>>escapes me at the moment who did a project in an African desert some
>>ago where they encapsulated and physically sliced a termite mound to
>>digitize its structure.
>> The idea of coordinating the actions of thousands or millions of
>>autonomous microrobots to pick up tiny pieces of some raw material and
>>deposit it in patterns to build up predetermined structures is one of the
>>ultimate concepts in digital fabrication. I look forward to seeing some
>>people pick up and implement this idea.
>>Marshall Burns
>> <<< Warning: Severely outdated site,
>> but with some cool old stuff.
>>-----Original Message-----
>>From: [] On
>>Of Brock Hinzmann
>>Sent: Tuesday, April 29, 2008 01:53
>>To: Adrian Bowyer
>>Subject: Re: [rp-ml] Slow growth
>>Dear Adrian,
>>Yours is not an inconceivable application of existing and relatively
>>near-term technologies. A number of robot art projects exist that do
>>essentially what you propose. I only wish I had a paying client to put
>>it all together.
>>First of all, your idea to combine it with Marshall's Moon concept is
>>brilliant. A robot that has all of the time in the world to trek across
>>a planet (Mars and Venus also come to mind), powered by very low levels
>>of solar radiation, able to work slowly, tediously, but predictably, in
>>a space and time that no human would or could tolerate, has tremendous
>>economical advantages. We can also imagine applications here on Earth.
>>I have even seen concepts where a living plant shifts its weight in
>>response to the position of the sun, in order to create enough pressure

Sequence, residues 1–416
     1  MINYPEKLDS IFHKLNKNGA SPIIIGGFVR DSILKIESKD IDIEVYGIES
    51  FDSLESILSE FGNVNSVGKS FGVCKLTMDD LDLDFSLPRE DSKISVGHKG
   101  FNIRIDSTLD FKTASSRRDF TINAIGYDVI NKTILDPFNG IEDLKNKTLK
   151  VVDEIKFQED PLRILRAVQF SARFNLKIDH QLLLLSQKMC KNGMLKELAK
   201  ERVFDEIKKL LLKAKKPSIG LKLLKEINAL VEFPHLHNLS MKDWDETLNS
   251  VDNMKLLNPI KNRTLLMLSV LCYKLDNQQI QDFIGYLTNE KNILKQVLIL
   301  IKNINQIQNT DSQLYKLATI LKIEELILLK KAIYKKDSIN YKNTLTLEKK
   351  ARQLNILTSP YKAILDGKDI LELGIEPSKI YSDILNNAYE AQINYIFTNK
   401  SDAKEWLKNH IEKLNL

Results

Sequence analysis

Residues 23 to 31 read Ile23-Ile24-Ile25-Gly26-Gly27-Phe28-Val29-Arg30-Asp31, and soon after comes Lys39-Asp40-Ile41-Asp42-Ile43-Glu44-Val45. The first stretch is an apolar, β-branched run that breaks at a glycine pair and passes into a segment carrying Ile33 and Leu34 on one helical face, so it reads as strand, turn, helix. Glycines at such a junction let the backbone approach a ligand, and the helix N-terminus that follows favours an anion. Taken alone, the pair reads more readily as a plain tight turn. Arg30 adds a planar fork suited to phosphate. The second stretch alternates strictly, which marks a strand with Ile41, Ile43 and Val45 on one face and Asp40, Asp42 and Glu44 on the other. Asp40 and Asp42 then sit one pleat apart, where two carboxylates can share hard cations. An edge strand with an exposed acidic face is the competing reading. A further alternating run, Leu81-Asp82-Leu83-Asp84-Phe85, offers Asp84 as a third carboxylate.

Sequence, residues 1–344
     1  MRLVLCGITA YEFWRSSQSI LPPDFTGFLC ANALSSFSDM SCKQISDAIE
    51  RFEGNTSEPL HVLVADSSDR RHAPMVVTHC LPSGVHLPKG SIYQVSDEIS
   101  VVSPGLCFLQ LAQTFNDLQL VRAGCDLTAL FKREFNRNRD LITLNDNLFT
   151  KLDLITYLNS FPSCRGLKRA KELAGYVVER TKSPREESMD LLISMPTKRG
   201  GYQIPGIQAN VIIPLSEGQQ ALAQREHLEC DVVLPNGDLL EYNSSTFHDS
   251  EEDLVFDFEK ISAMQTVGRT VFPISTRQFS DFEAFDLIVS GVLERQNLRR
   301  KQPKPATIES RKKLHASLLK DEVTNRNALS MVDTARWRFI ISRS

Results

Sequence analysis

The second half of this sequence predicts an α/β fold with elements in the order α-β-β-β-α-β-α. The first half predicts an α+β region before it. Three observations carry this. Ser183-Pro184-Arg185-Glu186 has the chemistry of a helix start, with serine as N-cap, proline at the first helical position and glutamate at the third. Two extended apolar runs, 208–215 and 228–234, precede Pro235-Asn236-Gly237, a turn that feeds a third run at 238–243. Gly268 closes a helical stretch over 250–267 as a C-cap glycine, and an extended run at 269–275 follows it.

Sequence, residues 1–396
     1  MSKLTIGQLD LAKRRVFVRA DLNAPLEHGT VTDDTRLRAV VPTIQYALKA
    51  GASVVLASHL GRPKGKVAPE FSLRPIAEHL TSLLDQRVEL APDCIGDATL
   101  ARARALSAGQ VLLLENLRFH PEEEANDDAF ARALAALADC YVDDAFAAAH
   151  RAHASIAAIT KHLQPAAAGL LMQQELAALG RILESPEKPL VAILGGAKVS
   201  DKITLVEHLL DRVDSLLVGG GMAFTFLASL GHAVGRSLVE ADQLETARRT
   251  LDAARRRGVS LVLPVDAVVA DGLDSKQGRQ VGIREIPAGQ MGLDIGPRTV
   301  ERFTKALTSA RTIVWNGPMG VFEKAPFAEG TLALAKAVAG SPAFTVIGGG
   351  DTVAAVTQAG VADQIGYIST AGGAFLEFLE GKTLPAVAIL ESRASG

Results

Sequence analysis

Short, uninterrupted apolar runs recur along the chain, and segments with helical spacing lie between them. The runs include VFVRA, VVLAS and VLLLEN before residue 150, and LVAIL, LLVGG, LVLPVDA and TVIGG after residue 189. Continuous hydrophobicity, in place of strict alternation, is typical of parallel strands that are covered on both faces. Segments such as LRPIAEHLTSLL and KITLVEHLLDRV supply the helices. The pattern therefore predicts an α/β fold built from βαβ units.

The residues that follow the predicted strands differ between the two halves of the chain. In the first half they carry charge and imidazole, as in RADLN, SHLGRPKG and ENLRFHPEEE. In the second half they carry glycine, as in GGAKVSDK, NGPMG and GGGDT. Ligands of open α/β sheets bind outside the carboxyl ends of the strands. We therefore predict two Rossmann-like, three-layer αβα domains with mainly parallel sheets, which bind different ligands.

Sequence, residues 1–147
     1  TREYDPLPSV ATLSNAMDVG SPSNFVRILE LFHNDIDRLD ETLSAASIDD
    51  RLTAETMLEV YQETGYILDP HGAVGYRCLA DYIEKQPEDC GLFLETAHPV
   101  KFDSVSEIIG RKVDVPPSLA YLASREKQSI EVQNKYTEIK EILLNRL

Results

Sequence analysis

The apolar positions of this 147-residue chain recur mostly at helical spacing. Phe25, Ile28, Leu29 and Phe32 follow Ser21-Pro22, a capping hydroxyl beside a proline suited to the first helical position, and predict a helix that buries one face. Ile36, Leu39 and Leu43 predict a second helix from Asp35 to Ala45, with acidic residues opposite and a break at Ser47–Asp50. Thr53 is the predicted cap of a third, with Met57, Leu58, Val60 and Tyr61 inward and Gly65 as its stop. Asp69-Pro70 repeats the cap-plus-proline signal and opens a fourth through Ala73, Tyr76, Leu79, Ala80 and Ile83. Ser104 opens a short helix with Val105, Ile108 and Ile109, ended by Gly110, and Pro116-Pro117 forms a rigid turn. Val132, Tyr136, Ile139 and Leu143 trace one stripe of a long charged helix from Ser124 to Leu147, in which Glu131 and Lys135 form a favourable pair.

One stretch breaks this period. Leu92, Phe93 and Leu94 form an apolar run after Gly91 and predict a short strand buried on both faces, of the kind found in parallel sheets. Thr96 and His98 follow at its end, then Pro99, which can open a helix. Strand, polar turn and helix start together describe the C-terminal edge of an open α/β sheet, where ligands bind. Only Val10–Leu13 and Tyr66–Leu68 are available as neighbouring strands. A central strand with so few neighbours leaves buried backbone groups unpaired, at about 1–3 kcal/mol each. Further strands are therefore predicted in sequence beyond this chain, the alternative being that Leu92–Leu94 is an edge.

>>for a pedal, like a footfall on a bicycle, to move a robot forward. We
>>are talking really slow progress here, a foot a day, but a robot doesn't
>>If we are talking about preparing a far-off planet for some eventual
>>human occupation, then we may not care about slowly the robots work to
>>prepare an infrastructure, such as a solar-powered communications
>>network, as long as it progresses at a predictable rate. If the space
>>agencies could send robots well in advance, such a network could have a
>>variety of scientific research and environmental evaluation applications
>>that would be valuable, whether or not a human team is eventually sent
>>to live there.
>>Vast sections of Earth, deserts, outbacks, etc., could serve as testing
>>grounds of more immediate value. While many of these might be of social
>>benefit, the money to pay for them is limited. I have had some thoughts
>>recently that alternative financing methods are possible, such as
>>environmentally-concerned individuals willing to pay money to support
>>poor remote rural individuals to install and monitor [robots, in this
>>case, and] networks or the use of carbon credits or other alternative
>>currency/money systems to trade service for service or other values.
>>Perhaps Adrian has other contacts in the open-source world that are more
>>creative than I am in this regard.
>>Brock Hinzmann
>>Technology Navigator
>>Adrian Bowyer wrote:
>> > Quoting Stewart Dickson <>:
>> >
>> >> Back in the old days, Marshall Burns wrote essays proposing SLS
>> >> machines which ran on sand.
>> >> A new way to build a pyramid.
>> >> If it would work on Mars, it would work in Africa.
>> >
>> > I have thought for some time that it would be fun to build a robot
>> > that crawled very very slowly across sand, digging it up, refining it,
>> > extracting trace elements, and using the results to make PV cells
>> > inefficiently and badly.
>> >
>> > These it would leave connected up in a trail behind it as it moved
>> > forward a few meters per day. The cells would provide all the power
>> > it needed, of course.
>> >
>> > But what on Earth could we do with all the spare power that would be
>> > available after it had been left to wander about in a desert for a few
>> > years? There must be some use for it...
>> >
>> > Best wishes
>> >
>> > Adrian
>> >
>> > Dr Adrian Bowyer
>> >
>> >
>> >
> Associate Professor Ian Gibson
> Department of Mechanical Engineering
> National University of Singapore
> Tel: +65 92777343
> Don't look around to find the sound that's right beneath your feet
Received on Wed Apr 30 09:47:43 2008